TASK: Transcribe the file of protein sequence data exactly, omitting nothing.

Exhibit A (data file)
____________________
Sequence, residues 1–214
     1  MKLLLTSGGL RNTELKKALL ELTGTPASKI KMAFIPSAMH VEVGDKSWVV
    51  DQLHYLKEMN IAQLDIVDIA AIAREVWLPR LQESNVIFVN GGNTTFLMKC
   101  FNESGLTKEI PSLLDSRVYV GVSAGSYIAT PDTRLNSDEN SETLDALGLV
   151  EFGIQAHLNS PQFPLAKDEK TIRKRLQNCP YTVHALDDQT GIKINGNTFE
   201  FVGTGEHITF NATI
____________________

Sequence, residues 1–214
     1  MKLLLTSGGL RNTELKKALL ELTGTPASKI KMAFIPSAMH VEVGDKSWVV
    51  DQLHYLKEMN IAQLDIVDIA AIAREVWLPR LQESNVIFVN GGNTTFLMKC
   101  FNESGLTKEI PSLLDSRVYV GVSAGSYIAT PDTRLNSDEN SETLDALGLV
   151  EFGIQAHLNS PQFPLAKDEK TIRKRLQNCP YTVHALDDQT GIKINGNTFE
   201  FVGTGEHITF NATI